The above is a fly swatter made from an enemy’s skull and the enemy’s horse’s mane. It was used in ceremonial dances.
We also saw a mannequin wearing an executioner’s outfit from the time. The guide told us that the executioner had to cut off the condemned’s head in one chop. If he didn’t? It would be his own head that would come off in the second chop.
Well. I don’t find brutality funny and I don’t want to make light of it. It’s just that some of the stories had an almost cartoonish violence to them, and I wasn’t sure where the truth ended and folklore began.
We drove around Abomey looking at the remains of the various palaces and then we joined up with a Spanish tour group and visited a Vodoun master named Ninguinnon Salanon in a village just outside of town. He showed us how he does various rituals and incantations – for health, for rain, for safe travels, for reversal of bad fortune. Below, he shows us the ritual to bring rain.
And below, he shows us a horn out of which you drink a special brew if you want to ensure you will remain alive for at least one more year. He promised us it works – but it costs a lot of money.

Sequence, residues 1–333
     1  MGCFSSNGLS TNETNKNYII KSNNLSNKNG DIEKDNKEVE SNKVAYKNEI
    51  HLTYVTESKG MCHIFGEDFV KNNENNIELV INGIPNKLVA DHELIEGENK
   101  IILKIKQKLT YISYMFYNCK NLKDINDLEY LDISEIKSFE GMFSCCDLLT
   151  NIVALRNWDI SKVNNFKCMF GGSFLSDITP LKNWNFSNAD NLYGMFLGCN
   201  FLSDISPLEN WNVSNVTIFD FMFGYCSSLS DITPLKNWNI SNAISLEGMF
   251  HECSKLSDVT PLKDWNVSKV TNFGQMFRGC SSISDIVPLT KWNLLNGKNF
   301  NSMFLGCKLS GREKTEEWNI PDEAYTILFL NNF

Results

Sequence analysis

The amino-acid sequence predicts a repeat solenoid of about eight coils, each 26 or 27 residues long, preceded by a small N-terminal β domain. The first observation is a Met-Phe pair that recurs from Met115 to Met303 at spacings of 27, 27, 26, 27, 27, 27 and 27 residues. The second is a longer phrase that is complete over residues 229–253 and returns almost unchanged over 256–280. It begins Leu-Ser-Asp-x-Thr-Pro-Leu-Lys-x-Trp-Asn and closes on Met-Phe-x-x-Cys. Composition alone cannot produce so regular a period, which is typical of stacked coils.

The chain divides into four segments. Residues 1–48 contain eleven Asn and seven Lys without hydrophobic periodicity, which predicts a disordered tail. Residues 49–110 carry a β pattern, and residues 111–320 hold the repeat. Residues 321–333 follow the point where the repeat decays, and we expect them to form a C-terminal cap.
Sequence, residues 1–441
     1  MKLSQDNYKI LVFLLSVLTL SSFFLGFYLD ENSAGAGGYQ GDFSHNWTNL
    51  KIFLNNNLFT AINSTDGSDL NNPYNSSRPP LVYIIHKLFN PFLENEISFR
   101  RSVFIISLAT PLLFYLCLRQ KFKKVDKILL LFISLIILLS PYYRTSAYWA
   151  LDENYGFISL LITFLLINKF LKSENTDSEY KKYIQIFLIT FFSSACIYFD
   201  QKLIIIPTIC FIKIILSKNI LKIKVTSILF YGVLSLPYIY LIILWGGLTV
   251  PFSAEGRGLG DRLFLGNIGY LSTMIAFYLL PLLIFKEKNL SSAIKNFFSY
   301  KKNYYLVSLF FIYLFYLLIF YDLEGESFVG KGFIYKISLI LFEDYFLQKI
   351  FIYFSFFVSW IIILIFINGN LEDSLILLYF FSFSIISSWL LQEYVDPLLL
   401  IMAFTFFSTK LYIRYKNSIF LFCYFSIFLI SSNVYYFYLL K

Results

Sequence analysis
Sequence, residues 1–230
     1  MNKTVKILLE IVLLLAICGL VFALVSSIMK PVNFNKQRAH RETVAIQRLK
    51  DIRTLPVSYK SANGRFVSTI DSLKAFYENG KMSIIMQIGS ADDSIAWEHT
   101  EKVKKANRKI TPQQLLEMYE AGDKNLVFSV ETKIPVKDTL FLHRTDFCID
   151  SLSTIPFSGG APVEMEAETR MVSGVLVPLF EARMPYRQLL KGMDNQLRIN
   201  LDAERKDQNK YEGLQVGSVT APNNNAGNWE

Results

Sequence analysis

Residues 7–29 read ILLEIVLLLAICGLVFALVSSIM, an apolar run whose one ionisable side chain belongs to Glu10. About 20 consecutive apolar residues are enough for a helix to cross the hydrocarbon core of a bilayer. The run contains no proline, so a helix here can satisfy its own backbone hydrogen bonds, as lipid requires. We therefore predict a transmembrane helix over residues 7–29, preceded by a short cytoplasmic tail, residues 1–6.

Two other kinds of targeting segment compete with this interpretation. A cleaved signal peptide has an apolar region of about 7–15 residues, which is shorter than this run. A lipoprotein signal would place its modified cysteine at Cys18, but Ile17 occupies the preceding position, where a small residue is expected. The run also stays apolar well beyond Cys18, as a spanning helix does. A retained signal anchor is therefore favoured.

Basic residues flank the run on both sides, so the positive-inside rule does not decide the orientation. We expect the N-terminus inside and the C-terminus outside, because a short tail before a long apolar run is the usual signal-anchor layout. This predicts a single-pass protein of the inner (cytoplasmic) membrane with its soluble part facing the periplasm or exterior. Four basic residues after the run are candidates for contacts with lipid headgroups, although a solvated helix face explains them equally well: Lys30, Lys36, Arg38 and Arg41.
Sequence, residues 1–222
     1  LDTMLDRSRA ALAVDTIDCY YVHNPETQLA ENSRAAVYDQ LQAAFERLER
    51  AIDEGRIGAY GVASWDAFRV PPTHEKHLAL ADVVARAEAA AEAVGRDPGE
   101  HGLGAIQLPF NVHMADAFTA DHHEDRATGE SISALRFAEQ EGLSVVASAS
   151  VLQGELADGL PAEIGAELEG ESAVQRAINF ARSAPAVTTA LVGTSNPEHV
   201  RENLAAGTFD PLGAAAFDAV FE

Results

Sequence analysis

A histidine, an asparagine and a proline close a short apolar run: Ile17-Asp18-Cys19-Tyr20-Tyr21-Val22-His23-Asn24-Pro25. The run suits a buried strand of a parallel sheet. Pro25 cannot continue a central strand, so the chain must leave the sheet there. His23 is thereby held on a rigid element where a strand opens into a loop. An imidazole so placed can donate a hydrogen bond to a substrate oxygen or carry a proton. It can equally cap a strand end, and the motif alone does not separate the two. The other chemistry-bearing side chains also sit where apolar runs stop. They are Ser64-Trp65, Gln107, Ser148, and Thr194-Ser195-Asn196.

Then he asked if anyone wanted to ask him anything. One of the Spanish women said that her nephew was sick with an undiagnosable illness and she wanted to know whether it was in his head or real, and whether it was curable.
The Vodoun master said some words, shook a few cowry shells like dice, and threw them onto the mat. He said the shells showed that yes, he had something real, and that yes, it was curable. She choked up, and I was touched by the sight of a (probably) Catholic woman placing blind hope in an adept of a totally foreign religion because he told her what she desperately wanted to hear. Faith is strange and often scary, but also sometimes beautiful.
From the Vodoun master’s house we returned to Abomey and walked through the forest where the ancient king disappeared, just in time to watch the sun start its own descent. We were going to see the exact spot where he vanished, but it is now a shrine and was closed for seven days following an adepts-only Vodoun ceremony.
We continued on to one of the Vodoun temples, which is also for adepts only. I was only allowed to walk around the outside.